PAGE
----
The 2008 global financial crisis provided a rare test-bed for macroeconomics — an opportunity to sort out some old controversies. One issue dominated the debate during the recovery phase: with national budgets and official debt pushed up by the crisis, should budget austerity be imposed as a
Should Australia join the Chinese-sponsored Asian Infrastructure Investment Bank (AIIB)? As often happens in international affairs, the answer is not found in the technical pros and cons of the proposal, but in the politics.
America seems to have strongly encouraged its close Asian friends (Japan
15 years ago, Beijing made an important strategic decision about its sprawling aviation manufacturing monopoly, AVIC.
Dissatisfied with AVIC's slothfulness, and keen to promote competition, the state's planners split the company in half, creating two firms. Unimaginatively named AVIC-1 and AVIC-2
This week the IMF Executive Board will consider a proposal to provide Ukraine with a US$17.5 billion Extended Fund Facility. The IMF Managing Director explains that this program 'can succeed'. But it has to be said that the chances are low, given current geopolitical circumstances and Kiev's recent
The new Indian Government brought down its first full-year budget last weekend. It has been keenly anticipated. Business Standard claimed: 'The market is expecting the Union Budget to be path-breaking, similar to the one in 1991, which led to the liberalisation of the Indian economy.'
Chunyun, the annual spring festival holiday in China, is often described as the world's largest human migration. Over one billion trips are made in a 10-day period. The family reunion over the lunar new year is the local equivalent of Christmas and Thanksgiving combined, and for the many families
It seems my colleague Stephen Grenville is somewhat sceptical of quantitative easing (QE). He says 'QE might have been an admirable second-best policy, but it was still "beggar-thy-neighbour".'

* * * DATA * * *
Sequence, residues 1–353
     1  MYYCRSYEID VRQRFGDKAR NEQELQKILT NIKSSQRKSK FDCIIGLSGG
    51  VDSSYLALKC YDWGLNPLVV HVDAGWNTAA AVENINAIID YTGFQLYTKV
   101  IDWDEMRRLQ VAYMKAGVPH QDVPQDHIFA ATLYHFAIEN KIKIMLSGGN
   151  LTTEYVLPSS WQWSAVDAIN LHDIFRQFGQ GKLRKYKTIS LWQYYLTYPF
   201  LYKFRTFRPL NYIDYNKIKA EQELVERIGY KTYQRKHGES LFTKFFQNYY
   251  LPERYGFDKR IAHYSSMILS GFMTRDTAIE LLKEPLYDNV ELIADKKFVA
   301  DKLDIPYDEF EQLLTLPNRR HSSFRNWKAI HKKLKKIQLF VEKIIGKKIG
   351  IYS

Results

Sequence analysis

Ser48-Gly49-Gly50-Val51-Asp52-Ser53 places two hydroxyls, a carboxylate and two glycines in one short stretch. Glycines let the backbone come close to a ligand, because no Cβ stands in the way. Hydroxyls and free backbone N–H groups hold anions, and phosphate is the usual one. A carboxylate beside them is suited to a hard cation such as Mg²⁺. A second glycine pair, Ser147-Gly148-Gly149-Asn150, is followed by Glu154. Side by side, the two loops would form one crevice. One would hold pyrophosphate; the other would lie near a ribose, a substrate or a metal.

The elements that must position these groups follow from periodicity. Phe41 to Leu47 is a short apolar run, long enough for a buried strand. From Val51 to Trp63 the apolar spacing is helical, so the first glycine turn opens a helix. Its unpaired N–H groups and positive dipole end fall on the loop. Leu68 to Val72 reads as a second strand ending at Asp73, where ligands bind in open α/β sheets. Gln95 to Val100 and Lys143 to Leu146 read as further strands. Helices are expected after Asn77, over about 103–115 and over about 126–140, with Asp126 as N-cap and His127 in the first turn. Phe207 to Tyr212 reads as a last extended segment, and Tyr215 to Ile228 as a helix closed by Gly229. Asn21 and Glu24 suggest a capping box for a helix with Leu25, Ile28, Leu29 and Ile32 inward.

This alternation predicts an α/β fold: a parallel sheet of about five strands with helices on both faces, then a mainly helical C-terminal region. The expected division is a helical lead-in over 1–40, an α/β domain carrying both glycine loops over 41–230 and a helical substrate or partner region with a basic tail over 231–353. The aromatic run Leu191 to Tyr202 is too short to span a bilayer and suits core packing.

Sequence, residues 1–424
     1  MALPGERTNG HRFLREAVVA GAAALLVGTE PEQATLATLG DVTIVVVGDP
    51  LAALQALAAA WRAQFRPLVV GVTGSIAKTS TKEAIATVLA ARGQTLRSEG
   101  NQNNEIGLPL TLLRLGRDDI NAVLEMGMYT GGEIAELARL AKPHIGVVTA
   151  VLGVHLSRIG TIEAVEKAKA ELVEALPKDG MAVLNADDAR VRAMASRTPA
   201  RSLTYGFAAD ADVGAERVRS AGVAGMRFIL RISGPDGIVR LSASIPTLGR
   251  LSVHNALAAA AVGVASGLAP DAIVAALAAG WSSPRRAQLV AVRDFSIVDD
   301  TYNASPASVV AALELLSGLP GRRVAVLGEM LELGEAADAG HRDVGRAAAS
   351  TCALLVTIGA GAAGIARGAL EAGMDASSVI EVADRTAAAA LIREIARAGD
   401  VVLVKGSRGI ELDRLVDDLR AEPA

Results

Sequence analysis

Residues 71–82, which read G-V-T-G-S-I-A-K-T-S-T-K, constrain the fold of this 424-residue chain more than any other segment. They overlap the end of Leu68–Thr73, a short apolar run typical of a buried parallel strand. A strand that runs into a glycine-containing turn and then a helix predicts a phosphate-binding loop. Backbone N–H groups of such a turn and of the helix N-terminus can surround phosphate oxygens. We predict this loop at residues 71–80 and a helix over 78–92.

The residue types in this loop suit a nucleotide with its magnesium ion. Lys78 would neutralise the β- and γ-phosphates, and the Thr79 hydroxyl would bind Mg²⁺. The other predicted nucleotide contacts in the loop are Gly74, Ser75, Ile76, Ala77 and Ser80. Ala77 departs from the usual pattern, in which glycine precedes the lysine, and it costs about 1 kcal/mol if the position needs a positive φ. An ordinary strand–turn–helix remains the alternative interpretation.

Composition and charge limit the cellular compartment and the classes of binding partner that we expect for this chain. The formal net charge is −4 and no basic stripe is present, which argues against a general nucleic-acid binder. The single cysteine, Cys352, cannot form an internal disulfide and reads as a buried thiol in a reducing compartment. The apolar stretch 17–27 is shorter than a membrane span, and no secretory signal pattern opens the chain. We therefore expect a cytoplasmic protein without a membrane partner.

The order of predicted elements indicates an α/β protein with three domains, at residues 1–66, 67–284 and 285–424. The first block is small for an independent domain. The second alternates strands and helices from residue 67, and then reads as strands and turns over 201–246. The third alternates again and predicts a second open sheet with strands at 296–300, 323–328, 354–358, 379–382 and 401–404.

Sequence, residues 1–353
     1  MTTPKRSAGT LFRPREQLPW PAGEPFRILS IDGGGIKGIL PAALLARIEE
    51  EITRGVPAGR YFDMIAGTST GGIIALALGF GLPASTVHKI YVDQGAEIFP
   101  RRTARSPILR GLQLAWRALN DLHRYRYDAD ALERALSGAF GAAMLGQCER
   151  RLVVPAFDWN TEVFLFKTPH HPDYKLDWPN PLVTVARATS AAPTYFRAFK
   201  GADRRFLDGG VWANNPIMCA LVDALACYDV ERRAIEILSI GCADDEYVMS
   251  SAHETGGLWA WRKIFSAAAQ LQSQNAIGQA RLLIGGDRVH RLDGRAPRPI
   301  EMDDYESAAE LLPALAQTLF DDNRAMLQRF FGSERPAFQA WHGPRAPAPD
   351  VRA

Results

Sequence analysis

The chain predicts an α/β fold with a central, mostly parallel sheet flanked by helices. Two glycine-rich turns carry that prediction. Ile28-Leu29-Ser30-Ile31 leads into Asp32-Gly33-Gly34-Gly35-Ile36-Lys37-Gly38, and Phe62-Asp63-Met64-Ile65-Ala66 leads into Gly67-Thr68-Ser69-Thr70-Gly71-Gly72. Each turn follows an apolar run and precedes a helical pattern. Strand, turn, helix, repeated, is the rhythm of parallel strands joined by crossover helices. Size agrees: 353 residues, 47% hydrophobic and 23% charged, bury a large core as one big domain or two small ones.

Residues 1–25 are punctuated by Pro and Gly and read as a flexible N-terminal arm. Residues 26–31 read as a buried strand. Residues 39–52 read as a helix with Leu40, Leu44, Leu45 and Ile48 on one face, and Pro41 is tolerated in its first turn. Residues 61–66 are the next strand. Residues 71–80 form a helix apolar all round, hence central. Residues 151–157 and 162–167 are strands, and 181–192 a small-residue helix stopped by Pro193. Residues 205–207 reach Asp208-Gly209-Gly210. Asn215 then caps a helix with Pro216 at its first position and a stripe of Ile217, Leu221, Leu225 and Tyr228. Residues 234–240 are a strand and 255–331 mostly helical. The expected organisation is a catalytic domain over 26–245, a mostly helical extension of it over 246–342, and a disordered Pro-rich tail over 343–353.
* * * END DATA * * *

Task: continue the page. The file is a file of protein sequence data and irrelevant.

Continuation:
I agree that QE (where the Federal Reserve purchased long term government bonds along with securities
2015 has been heralded as the year when Papua New Guinea (PNG) will enjoy the highest GDP growth rate in the world, on the back of its first full year of liquefied natural gas production.
Confidence in the anticipated revenue from the ExxonMobil-led project has encouraged the O'Neill Government
A recent report by PwC, The World in 2050, suggests that Australia could slip from 19th largest economy in the world in 2014 to 28th in 2050.
The report comes from the UK and contains economic growth projections to 2050 for the 32 largest economies. Not surprisingly, the main interest in the
The press is making much of the academic qualifications of Greece's new finance minister, Yanis Varoufakis. His specialisation is economic game theory, which in this case might be described as 'the art of bargaining'. Good bargaining skills are, indeed, important. But there are also some basic
The 2008 financial crisis left no doubt that ill-considered debt can cause major damage not just to an individual country, but to the global economy.
You might think that by now, six years later, balance sheet repair would have taken debt below pre-crisis levels. However, debt burdens are
I am embarrassed to say that I made a mistake in the analysis below (I should have realised the results were too clear to be true!). In fact, the relative price of investment goods follows the pattern in the graph below.